Mahakan Fort Community to live on in the virtual world

national April 24, 2018 01:00

By PRATCH RUJIVANAROM
THE NATION

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THE HERITAGE of the Mahakan Fort Community will live on in digital form, as an archive of this old Bangkok quarter will be created and maintained online via crowdsourcing.



Mahakan Fort Community’s Facebook page yesterday announced the creation of an online database and invited everyone with digital files about the community to share their data. The aim is to allow people to learn about the history of the community and its heritage, and the stories of the residents’ struggle to save their habitat and identity.

After decades of fighting to save one of the last living historic quarters of Bangkok, the Bangkok Metropolitan Administration (BMA) has successfully evicted all the residents from the area. Tomorrow will be the last day that the Mahakan Fort Community physically exists. That is when all of the remaining residents will have to move out and their antique wooden houses will be torn down to make way for the construction of a public park.

“Our community will soon become a thing of the past, and it may even be removed from the official history of Bangkok. People cannot visit and learn from our rich heritage in person, but this does not mean that we no longer existed,” a community statement reads.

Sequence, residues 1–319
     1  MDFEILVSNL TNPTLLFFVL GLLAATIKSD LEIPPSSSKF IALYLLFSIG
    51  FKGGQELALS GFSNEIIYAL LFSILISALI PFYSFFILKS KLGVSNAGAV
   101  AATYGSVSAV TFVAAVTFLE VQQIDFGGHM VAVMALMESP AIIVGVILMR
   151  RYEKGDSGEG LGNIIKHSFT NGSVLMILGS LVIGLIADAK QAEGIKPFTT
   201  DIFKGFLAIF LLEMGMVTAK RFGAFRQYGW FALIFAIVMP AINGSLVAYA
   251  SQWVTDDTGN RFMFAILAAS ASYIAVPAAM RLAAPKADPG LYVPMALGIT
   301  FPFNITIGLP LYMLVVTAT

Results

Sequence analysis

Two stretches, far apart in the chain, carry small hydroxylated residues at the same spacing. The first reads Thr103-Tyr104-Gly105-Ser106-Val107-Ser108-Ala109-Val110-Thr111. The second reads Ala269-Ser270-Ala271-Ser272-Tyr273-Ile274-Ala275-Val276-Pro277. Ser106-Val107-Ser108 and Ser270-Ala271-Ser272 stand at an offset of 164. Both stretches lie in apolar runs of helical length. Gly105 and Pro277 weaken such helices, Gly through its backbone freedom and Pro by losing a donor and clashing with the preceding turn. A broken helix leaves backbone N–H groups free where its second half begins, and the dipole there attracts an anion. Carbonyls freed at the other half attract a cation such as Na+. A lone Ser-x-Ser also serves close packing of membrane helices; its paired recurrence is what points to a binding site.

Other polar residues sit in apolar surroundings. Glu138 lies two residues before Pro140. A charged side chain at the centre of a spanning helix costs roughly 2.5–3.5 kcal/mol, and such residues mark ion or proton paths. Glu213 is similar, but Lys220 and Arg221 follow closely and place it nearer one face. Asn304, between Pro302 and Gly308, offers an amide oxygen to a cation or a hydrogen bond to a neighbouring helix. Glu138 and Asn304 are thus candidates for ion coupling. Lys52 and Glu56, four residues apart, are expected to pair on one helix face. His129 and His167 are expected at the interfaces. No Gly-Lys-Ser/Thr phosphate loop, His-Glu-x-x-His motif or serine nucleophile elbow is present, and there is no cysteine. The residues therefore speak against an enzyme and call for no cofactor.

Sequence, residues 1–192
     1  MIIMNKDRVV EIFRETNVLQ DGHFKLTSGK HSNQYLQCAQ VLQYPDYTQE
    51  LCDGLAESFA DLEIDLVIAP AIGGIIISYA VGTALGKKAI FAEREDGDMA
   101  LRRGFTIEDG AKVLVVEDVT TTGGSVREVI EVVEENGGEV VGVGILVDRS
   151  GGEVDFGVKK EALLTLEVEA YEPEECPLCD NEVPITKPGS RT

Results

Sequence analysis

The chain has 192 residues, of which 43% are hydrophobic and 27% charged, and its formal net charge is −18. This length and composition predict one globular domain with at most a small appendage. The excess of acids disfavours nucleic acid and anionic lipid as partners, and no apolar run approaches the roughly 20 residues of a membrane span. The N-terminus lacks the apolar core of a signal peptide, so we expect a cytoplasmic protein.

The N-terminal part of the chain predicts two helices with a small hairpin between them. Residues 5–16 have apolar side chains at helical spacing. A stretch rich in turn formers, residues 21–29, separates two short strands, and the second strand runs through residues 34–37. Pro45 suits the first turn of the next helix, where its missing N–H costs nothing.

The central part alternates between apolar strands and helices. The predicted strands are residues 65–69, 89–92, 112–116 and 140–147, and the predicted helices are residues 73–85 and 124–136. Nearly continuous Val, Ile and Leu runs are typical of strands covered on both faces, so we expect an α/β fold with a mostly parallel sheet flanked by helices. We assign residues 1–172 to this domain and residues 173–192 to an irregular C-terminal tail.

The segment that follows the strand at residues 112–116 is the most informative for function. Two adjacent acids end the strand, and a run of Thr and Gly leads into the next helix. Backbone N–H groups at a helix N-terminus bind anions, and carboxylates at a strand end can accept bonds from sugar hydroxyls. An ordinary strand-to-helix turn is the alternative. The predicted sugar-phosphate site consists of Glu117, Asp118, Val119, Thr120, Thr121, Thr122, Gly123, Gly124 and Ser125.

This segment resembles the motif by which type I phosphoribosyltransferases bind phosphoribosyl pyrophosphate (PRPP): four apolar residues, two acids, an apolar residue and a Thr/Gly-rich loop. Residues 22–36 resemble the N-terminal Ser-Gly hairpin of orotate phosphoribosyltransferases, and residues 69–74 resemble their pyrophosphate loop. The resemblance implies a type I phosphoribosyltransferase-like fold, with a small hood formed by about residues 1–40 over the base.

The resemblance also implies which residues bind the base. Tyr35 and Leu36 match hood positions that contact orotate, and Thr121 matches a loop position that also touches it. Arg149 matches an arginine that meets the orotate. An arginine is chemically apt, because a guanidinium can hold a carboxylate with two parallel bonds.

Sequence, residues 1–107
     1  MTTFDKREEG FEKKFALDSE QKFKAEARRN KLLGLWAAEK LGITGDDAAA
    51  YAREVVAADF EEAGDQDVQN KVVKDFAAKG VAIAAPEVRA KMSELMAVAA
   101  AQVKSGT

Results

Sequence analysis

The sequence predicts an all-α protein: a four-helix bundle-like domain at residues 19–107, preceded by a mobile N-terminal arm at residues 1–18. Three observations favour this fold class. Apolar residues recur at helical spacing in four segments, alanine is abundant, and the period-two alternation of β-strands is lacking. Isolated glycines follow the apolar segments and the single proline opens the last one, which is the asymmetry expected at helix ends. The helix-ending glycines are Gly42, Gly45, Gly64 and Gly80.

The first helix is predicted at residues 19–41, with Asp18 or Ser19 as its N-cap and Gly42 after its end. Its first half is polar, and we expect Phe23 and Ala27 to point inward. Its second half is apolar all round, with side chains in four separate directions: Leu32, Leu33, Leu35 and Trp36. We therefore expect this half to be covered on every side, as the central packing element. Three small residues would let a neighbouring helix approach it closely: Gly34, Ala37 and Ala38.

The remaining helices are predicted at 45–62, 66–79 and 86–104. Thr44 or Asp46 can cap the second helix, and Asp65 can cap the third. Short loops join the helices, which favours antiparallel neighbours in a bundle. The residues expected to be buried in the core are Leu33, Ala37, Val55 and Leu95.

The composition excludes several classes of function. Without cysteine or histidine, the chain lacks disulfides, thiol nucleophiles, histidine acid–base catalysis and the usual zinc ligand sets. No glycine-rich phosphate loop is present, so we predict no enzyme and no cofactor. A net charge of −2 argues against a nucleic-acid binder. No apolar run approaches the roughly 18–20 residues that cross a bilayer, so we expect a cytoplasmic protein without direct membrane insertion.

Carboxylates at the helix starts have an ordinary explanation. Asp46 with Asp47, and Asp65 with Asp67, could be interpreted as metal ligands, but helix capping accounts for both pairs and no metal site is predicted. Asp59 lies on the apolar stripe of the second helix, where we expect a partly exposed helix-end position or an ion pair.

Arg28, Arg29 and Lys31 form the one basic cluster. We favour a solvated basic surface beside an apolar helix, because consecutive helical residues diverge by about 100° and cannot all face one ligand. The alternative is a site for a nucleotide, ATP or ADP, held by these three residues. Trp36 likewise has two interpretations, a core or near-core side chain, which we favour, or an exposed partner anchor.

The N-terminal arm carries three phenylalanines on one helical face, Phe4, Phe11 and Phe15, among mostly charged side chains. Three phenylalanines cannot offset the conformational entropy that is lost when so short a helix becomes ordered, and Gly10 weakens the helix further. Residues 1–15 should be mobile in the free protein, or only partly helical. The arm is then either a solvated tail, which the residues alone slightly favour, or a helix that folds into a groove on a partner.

Learn the lessons

“We can still be the learning hub for the community in the online world. So, we want to invite every person who has digital memories about our community to share their pictures, video clips, documents, or any kind of files with us. We believe that our existence is less important than what society can learn from our story.”

Everyone is welcome to upload their files to the page at https://goo.gl/forms/eEQCoge3nUzPxzb52.

Sudjit Sananwai, a lecturer at the Faculty of Architecture at Rangsit University, said it was very important for society to learn the lessons of Mahakan Fort Community. She said the online archive would be an assurance that these stories would not be forgotten.

“I am a member of the Association of Siamese Architects, and we have a lot of useful material available to share. I, myself, also fully support this crowdsourcing campaign to ensure that the tragedy that happened to Mahakan Fort Community will not be repeated elsewhere,” Sudjit said.

She said the information in this online database would be very significant. It would not only be an open-source resource for people to learn about this historic community, but the data would also provide vivid proof of the community’s existence. It would record events along the way of the struggle between the community members and the authorities through both academic and legal channels.

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